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Merv Adelson, an industry titan who shepherded some of the most well-known TV properties to the screen, has died, The Hollywood Reporter has learned. He was 85.
The entertainment executive founded Lorimar in 1969 with developer Irwin Molasky and producer Lee Rich. The company’s first major hit was The Waltons, which premiered in 1972.
Lorimar produced several other successful TV shows in the 1970s and 1980s, including Dallas, Knots Landing and Love Connection, but had accumulated significant losses from its lack of success with movies.
Hollywood’s top executives mourned Adelson on Wednesday in statements to THR.
CBS CEO Leslie Moonves remembers the mogul as “a wonderful boss and mentor. He also was a very classy guy who I looked up to.”
Lorimar alum Bruce Rosenblum recounts: “Merv was a visionary. Together with Lee Rich, he nurtured one of the great independent television studios of all time.”
DreamWorks Animation CEO Jeffrey Katzenberg tells THR: “Merv was one of the true greats!!! He did it all and he did it his way. He was a wonderful mentor to so many and will be missed.”
Bob Daly, former chairman and co-chief executive at Warner Bros., recalls: “Merv Adelson was someone who I spent many years doing business with and he was terrific at what he did. He also was a friend of mine and I will miss him.”
Born Oct. 23, 1929, in Los Angeles, Adelson grew up in California but made his first fortune in his 20s when he opened a 24-hour grocery store in Las Vegas in the early 1950s. The grocery store led to more real estate projects, including the building of the famed La Costa resort in the early 1960s.
Throughout this period, Adelson and partner Molasky were dogged with rumors of mob ties, and Adelson later admitted in a 2013 Vanity Fair profile to being friends with the “Godfather of Las Vegas,” Moe Dalitz. “I never asked him about [anything illegal]. I didn’t want to know the answer,” he told the magazine.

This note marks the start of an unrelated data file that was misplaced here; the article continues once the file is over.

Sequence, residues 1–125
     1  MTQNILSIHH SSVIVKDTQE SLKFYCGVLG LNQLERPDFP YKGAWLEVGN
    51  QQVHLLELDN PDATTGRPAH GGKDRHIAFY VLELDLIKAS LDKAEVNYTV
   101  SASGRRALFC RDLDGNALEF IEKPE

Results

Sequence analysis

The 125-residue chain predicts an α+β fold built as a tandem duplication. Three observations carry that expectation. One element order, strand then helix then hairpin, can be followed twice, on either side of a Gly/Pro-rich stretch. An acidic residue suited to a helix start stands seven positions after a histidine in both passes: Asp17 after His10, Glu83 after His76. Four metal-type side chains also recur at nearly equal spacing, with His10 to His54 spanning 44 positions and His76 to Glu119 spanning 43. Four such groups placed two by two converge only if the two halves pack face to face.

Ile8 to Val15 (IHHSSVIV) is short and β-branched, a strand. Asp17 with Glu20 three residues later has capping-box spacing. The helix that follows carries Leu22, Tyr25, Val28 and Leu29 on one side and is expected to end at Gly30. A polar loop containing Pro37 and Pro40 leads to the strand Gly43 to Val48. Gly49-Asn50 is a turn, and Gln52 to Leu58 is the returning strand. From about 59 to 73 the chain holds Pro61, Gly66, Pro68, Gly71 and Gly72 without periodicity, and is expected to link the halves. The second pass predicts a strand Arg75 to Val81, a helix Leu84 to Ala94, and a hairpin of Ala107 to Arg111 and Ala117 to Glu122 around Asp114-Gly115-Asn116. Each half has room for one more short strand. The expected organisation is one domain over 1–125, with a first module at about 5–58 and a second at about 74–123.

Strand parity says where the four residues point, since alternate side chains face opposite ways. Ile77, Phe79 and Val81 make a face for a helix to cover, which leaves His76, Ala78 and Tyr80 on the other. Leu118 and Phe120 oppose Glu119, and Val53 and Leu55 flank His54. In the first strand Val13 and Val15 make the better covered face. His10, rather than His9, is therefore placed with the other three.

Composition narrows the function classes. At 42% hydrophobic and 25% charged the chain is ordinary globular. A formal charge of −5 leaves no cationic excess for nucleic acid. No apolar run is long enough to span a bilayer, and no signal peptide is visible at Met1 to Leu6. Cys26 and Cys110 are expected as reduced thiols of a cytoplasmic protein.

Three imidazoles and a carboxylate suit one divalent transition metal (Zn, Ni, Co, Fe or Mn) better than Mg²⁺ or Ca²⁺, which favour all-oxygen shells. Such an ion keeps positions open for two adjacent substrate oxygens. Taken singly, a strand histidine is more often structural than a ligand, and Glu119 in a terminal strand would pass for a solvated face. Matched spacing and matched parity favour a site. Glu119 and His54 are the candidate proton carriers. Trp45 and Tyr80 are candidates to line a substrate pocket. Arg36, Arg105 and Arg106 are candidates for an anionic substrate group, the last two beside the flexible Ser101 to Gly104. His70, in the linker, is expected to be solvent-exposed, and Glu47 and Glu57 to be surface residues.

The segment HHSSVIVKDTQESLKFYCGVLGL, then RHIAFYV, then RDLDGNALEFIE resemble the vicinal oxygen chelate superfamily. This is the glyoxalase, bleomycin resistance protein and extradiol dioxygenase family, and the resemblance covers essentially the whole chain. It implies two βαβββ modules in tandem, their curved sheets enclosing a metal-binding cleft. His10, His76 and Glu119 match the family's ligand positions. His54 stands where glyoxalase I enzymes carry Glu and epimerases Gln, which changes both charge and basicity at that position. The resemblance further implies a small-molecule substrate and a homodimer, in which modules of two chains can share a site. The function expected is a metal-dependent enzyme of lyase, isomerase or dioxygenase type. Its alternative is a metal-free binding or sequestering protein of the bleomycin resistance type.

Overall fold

In 1969, Adelson formed Lorimar with Rich and Molasky. They saved The Waltons from cancelation with an ad buy that persuaded CBS boss William Paley to hang on to the show. A string of other hits followed The Waltons — Dallas, Knots Landing, Falcon Crest, Eight Is Enough — so many in fact that Lorimar was nicknamed the fifth network.
The company merged with syndicator Telepictures in 1985, and the whole company was sold to Warner Bros. in 1989 for $1.2 billion. Following the acquisition, Adelson became the vice chairman at Warners until 1991.
Adelson’s personal fortune was about $300 million, and he owned homes in Aspen, Malibu, New York and Los Angeles.
During the height of his career, Adelson married famous journalist Barbara Walters in 1986. At the wedding ceremony, which was held at producer Leonard Goldberg‘s home, Walters said, “This is the way it will always be: Merv will always say the perfect thing, and I’ll always get the last word.” They divorced in 1992.
Between 2000 and 2003 he lost most of his fortune in the dot-com crash, losing more than $141 million alone, when Time Warner stock cratered from $57 a share to $7 a share, according to the 2013 Vanity Fair profile. In his later years, he famously could only afford a 500-square-foot Santa Monica apartment.
In a 2014 THR feature about Lorimar, Adelson remembered, “It was fun to watch 19 shows you have on the air. That was great. I wouldn’t give that up for anything.”
Kim Masters and Andy Lewis contributed to this report.
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